Steve is interested in obtaining a better understanding of 1) biogeochemical connectivity between ecosystems and 2) spatiotemporal settings that influence the magnitude of this connectivity.
His current research is focused on whether belowground organic C (OC) and nitrogen (N) pools in riparian systems are linked with fresh OC allocated to the soil via root exudation. This relatively unexplored connection in riparian forests is of interest for a number of reasons including the recognition of riparian areas as hotspots of biogeochemical activity and for the potential for findings from this work to help refine conceptual cross-system biogeochemical models.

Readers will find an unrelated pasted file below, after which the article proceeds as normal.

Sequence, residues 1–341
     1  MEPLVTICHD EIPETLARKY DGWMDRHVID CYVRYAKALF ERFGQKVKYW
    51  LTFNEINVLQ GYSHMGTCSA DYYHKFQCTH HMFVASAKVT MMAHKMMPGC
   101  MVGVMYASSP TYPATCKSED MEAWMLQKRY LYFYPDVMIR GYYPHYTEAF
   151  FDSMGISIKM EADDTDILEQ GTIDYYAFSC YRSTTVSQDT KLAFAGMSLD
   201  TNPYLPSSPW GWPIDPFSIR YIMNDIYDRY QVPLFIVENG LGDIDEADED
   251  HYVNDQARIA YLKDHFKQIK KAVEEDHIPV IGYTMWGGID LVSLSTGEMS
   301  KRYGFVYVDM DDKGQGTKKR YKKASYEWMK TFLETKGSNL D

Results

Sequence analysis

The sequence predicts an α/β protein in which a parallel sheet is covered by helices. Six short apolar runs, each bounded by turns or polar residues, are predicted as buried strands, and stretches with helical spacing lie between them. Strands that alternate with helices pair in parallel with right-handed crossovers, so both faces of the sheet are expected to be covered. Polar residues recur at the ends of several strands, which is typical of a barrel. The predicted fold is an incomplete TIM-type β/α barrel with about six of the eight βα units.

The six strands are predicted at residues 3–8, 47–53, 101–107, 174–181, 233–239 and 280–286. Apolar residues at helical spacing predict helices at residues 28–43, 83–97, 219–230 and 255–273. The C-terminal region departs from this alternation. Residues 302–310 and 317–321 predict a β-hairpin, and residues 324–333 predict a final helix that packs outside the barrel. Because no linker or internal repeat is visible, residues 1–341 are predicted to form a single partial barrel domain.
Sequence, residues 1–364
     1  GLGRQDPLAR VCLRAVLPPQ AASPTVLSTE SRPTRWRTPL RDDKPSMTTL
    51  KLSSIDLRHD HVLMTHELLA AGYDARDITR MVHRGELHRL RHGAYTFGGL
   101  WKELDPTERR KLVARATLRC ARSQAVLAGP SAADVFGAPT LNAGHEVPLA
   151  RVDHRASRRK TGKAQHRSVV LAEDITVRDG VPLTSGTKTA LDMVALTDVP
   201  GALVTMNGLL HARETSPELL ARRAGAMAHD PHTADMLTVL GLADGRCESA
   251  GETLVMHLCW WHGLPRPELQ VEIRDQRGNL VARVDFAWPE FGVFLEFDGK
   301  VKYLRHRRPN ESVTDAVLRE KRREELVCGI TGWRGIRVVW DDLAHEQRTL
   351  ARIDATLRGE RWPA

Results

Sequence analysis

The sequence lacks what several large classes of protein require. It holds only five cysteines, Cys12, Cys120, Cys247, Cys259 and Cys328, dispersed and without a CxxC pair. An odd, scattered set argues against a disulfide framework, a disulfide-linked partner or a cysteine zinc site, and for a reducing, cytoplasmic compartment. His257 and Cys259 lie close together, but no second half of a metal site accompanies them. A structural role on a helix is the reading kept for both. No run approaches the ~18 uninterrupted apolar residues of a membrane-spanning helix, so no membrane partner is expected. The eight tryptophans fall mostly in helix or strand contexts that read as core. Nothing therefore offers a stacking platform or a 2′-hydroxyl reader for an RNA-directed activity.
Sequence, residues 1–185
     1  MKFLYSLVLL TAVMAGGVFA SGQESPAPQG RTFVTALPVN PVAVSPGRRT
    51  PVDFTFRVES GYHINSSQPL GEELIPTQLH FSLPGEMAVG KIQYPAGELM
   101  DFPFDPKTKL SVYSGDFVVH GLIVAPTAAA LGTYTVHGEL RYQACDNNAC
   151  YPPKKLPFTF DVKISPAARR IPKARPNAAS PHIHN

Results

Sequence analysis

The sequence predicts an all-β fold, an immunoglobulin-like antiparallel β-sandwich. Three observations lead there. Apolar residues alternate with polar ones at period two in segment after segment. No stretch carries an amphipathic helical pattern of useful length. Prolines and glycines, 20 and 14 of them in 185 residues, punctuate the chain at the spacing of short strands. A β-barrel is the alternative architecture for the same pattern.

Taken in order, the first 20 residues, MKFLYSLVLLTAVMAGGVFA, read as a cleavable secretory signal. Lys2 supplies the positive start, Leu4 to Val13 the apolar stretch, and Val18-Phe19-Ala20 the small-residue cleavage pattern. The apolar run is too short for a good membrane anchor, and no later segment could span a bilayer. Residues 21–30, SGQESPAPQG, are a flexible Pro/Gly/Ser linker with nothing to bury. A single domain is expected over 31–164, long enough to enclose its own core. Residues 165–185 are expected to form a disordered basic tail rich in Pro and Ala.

Steve’s field sites are located in riparian forests situated along Big Darby Creek (a National Scenic River that is well known for its biodiversity) in central Ohio that are managed by Columbus Metro Parks. He is also exploring root exudation under more controlled greenhouse conditions using American sycamore (Platanus occidentalis) and silver maple (Acer saccharinum) seedlings which are some of the dominant tree species at the field sites.
Ultimately by focusing on belowground riparian systems Steve aims to gain a better understanding of processes that influence the overall cycling of OC and N in the environment.